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Canadian Politics

By Edited Nov 13, 2013 1 2

Canadian politics are based on the British parliamentary system of government. The same basic principles apply both federally and provincially but with differences relating to structure and jurisdiction.

A government in Canada is formed by people elected by the citizens to represent them as members of parliament. These members have a "seat" in the parliament House of Commons. They are usually affiliated with a Canadian political party, although they may be independent. After an election, the party with the most elected members, or seats, is invited to form the next government. The leader of the party is declared to be the leader of the government. Federally, this position is the Prime Minister. Provincially and territorially, this position is the Premier. This makes the party leader an important position. Typically political parties meet at a convention and choose their leader through a balloting process. Only party members vote for their leader. For the large parties, this is a public process that is most often broadcast on the Canadian television channels. Each party has particular rules governing which members are eligible to run for leader and who may vote for them. When a vote for party leader has been completed, often there is not a single person with enough votes to win. When this happens, those candidates with the least number of votes are excluded from a subsequent ballot resulting in fewer choices in the next vote. Since party leadership conventions are broadcast, those candidates dropped from the ballot have an opportunity to influence the voting process. Usually they publicly declare their support for one of the remaining candidates in hopes that their supporters also move to the identified candidate. In return for such support, the dropped candidate expects to receive favor should their choice of candidate become the next party leader.

When the government wishes to enact power, the leader convenes a session of parliament. Each parliament is made of members who vote on bills that might be enacted into laws. Bills are usually presented by the government in power for voting by the parliament. There can be no ties when such legislative votes are called. In practice, however, there are occasions where some members may be absent during a vote which results in an even number of members voting on an issue, producing a tie result. In this case, the Speaker of the House votes to break ties. Ordinarily, the Speaker is the controller of parliament and, though an elected member, remains impartial and does not vote. Canadian bills are each judged on their own merits. There are no packages of bills where one may be defeated by the defeat of another. There is also no veto provision for bills. If a bill is passed by a vote of parliament, it advances to lawful status. Since the bills are usually advanced by the government, there is really no need to have a veto mechanism.

The federal parliament has the Senate of Canada that must review and pass all bills before they can be advanced into law. The senate can originate bills as well, but usually most start in the House of Commons. Generally, the senate reviews bills and provides constructive comments only. Many senators work in committees that help to establish bills. Rarely does the senate impede progress of bills. Senators are appointed to their positions by the prime minister. In practice, the senate is usually comprised of members that are affiliated with a political party. The majority of senators is usually affiliated with the party of the prime minister.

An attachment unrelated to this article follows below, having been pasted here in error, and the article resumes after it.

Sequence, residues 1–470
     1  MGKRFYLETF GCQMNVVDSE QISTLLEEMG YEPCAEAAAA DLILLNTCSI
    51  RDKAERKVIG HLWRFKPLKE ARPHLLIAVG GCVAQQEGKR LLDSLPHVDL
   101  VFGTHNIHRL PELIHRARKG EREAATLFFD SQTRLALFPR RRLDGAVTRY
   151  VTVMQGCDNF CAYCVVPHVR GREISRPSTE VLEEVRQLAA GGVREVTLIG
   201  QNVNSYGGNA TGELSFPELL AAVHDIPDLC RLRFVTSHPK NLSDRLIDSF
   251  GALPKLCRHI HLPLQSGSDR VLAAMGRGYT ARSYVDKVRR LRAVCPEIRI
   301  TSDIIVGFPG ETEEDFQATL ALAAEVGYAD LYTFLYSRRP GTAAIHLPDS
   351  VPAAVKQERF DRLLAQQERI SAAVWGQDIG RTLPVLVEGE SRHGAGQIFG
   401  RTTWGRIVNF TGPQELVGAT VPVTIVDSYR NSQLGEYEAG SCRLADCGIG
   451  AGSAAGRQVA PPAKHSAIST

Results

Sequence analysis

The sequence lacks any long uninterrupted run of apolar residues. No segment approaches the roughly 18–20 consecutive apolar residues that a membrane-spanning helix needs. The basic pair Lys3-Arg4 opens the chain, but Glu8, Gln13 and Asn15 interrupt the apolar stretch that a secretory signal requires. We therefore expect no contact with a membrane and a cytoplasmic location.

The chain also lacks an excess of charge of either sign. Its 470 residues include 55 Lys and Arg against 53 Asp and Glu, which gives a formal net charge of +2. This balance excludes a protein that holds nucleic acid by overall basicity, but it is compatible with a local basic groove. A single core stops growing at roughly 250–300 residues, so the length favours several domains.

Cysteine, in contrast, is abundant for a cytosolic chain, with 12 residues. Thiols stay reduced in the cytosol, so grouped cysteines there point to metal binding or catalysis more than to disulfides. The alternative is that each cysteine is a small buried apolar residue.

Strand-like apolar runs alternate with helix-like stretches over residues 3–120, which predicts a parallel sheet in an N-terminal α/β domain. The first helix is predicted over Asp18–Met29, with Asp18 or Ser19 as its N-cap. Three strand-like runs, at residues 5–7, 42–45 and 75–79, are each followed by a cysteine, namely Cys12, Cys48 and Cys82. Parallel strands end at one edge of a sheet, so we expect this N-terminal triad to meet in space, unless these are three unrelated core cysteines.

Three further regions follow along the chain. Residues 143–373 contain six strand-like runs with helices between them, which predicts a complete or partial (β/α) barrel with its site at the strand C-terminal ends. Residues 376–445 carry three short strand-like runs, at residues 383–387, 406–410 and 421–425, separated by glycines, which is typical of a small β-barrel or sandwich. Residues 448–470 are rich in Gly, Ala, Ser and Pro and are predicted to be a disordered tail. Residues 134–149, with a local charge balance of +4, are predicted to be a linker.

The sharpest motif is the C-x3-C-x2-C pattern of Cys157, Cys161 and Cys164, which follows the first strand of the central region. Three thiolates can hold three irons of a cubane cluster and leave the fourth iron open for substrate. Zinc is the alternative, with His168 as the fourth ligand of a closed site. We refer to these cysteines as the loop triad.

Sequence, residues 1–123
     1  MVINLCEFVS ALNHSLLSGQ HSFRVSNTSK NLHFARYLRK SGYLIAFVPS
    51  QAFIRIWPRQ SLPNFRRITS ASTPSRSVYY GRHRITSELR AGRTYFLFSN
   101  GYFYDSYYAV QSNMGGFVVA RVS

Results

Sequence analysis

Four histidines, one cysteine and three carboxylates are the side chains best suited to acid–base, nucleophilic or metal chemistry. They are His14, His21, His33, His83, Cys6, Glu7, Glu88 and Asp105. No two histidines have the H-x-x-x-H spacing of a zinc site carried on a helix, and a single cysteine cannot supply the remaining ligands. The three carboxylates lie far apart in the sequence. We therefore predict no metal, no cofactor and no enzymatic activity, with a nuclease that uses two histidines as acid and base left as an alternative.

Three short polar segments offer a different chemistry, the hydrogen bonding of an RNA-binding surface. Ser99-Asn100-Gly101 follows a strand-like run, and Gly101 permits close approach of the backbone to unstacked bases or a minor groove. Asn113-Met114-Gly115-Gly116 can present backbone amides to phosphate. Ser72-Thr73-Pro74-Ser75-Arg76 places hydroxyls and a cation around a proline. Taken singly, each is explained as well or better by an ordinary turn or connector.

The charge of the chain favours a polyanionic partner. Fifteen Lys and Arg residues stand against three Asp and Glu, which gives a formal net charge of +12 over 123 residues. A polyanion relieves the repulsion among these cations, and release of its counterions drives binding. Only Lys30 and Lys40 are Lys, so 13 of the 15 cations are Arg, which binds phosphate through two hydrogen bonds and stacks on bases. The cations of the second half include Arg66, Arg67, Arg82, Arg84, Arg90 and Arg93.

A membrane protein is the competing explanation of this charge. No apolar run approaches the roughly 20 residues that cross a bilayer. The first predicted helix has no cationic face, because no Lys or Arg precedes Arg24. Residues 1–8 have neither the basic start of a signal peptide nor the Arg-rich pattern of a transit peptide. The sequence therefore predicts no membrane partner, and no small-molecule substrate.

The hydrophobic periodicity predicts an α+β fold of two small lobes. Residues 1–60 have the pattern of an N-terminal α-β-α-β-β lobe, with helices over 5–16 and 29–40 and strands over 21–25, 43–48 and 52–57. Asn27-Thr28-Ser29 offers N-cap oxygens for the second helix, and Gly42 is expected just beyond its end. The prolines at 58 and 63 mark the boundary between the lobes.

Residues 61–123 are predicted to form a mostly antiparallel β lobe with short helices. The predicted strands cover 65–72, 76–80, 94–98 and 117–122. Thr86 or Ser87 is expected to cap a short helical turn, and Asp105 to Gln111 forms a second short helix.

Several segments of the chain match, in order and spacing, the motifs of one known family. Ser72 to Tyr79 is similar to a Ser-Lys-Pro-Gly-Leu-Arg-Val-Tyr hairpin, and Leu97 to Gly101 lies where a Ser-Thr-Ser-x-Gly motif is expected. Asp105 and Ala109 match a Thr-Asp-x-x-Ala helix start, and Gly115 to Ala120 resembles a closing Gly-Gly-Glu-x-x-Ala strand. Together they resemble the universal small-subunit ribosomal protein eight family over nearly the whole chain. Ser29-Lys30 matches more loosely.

After elections, there is the possibility that no party receives a majority of the seats. This has most recently happened with the federal election in 2008. In such cases, the leader of the party with the most seats is invited to form a minority government. This can only happen if the leader is able to build a consensus with one or more of the other party leaders to ensure that parliament will support the leader's initiatives. Usually minority governments are unable to sustain a consensus. Minority governments rarely last as long as majority ones. They can be overturned if one of their votes fails to achieve a majority of votes. A failure on such a vote triggers a new election.

Members of parliament, federally, represent several parties. In 2008, the Conservative, Liberal, Bloc Quebecois and New Democratic Party each had elected members. There can also be independent members of parliament such as the 2 that were elected in 2008.

Governments are mandated to serve for up to 5 years. In practice, the leader is able to call an election any time before that limit. In reviewing the current political climate, the leader may feel that an early election is warranted. Standard reasons given are usually that the government needs a fresh mandate from the people to enact new programs, the leader wishes to receive confirmation that the party fully represents the people, or that the current parliamentary structure becomes unworkable. Whatever the case, the leader appeals to the Queen's representative to dissolve parliament. The federal Governor-General, or the provincial Lieutenant Governor, confirms the request and authorizes another election.


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Comments

Feb 15, 2011 12:56am
JadeDragon
Spotted a small error. The majority of the Senate may or may not be affiliated with the governing party. It took Harper nearly 5 years to replace enough Senators to rid the Senate of the Liberal majority and bring in a Conservative Senate majority.

This is a pretty helpful article and very clear.
Jul 30, 2012 3:53pm
javrsmith
You are correct. In my opinion, the senate should be abolished. This should be the topic of another article, however.
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